Hillcrest Healthcare Center Abuse and Neglect Attorneys

Many family members have no other choice than to place a loved one in a nursing facility to ensure they receive the highest level of hygiene assistance and medical care. Even though there have been significant advancements in the healthcare industry providing compassionate care in a safe environment, many Cheatham County nursing home residents are victimized through neglect and abuse.

If your loved one was mistreated while living at a nursing home, assisted living center or rehabilitation facility, the Tennessee Nursing Home Law Center attorneys can help. Our legal team has represented many families in need of financial compensation to recover their losses and want to seek justice to ensure those who caused their loved one harm are held legally accountable. We can begin working on your case today.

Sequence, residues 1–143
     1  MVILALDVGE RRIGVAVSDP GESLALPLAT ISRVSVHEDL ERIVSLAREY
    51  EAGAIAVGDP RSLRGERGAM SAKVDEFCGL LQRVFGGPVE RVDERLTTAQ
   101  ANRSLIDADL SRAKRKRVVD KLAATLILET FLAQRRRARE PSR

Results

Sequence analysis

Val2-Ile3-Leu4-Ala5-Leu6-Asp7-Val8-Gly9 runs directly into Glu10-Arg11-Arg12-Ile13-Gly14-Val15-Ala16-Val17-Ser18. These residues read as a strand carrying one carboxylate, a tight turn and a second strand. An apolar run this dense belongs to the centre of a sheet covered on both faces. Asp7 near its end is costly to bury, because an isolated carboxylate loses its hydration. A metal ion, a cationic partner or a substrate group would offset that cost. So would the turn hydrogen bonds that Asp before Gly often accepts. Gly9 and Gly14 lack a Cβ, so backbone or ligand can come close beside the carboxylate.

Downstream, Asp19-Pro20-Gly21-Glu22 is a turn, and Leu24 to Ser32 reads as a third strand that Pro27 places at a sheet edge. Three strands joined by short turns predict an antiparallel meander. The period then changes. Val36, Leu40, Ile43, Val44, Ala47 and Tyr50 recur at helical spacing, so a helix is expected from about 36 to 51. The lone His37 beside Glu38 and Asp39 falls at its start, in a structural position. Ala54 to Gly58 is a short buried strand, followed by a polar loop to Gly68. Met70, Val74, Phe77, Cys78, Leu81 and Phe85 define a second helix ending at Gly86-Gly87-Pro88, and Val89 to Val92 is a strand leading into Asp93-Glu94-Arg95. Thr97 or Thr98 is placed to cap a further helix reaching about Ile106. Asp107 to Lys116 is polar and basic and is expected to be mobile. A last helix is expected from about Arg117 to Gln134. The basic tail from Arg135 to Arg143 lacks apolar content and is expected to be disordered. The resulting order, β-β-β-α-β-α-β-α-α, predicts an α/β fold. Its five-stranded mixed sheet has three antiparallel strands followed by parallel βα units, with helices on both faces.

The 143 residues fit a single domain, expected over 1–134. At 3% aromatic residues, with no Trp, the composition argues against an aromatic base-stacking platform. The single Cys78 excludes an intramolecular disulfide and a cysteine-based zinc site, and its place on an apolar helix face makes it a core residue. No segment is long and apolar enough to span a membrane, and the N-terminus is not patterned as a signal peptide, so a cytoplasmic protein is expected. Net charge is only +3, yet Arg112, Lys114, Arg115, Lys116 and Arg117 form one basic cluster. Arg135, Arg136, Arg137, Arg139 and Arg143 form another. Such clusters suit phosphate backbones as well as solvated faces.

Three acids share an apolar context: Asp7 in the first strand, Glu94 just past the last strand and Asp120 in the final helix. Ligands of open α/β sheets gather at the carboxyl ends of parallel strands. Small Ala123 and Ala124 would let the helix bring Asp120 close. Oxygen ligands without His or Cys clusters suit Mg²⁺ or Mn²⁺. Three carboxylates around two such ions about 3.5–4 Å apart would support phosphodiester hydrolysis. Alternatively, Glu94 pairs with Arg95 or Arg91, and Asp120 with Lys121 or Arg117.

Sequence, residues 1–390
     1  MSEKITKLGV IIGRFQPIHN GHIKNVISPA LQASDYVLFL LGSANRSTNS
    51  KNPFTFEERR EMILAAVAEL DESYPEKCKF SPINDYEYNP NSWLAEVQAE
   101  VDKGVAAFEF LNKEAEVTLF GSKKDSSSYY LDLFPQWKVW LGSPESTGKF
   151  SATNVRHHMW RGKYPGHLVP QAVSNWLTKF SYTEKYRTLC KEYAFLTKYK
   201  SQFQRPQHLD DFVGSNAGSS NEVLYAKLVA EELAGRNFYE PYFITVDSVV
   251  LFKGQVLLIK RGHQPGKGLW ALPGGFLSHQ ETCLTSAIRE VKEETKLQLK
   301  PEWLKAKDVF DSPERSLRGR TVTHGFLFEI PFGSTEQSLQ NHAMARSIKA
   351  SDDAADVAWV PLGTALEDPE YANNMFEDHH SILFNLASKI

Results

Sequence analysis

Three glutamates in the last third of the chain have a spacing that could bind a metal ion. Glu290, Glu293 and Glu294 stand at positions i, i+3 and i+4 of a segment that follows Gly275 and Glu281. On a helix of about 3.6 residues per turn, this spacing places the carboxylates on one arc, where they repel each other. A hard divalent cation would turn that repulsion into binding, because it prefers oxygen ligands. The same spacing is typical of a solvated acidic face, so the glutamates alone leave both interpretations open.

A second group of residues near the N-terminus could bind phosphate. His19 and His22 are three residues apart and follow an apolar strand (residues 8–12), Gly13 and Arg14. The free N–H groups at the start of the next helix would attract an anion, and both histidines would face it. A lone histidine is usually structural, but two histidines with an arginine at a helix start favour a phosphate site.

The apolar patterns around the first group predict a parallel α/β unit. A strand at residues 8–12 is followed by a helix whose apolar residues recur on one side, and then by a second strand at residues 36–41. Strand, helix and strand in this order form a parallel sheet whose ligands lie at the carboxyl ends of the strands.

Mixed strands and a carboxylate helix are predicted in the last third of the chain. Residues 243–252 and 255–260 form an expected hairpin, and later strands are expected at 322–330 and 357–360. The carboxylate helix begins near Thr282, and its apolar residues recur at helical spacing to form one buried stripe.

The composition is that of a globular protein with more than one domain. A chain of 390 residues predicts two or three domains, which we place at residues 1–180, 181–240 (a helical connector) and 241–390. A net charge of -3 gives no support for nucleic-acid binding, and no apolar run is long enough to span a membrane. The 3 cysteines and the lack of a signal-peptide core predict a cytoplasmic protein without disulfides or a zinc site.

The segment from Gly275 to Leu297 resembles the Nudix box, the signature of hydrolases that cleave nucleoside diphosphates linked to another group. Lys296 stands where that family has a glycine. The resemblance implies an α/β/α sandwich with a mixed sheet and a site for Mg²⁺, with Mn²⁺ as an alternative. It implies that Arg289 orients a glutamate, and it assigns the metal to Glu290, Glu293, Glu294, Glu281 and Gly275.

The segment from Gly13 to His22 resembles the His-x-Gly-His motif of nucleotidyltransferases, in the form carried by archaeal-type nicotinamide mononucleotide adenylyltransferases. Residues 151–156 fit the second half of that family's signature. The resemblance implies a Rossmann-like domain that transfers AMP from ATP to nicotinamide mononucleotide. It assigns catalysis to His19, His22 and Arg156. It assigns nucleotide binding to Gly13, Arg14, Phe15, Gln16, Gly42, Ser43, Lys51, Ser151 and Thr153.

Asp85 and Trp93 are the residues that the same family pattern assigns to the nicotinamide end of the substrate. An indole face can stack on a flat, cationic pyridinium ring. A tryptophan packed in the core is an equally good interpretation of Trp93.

Hillcrest Healthcare Center

This Medicare/Medicaid-participating center is a 95-certified bed facility providing services to residents of Ashland City and Cheatham County, Tennessee. The "for profit" long-term care (LTC) home is located at:

111 E Pemberton Street
Ashland City, Tennessee, 37015
(615) 792-9154
Fined $11,700 for substandard care

Financial Penalties and Violations

The investigators working for the state of Tennessee and the federal government had the legal authority to impose monetary fines and deny payment for Medicare services if the nursing home has been cited for serious violations of established regulations. Within the last three years, Hillcrest Healthcare Center has been fined once by the government for $11,700 on August 10, 2017. Also, Medicare denied one payment for services rendered on August 10, 2017.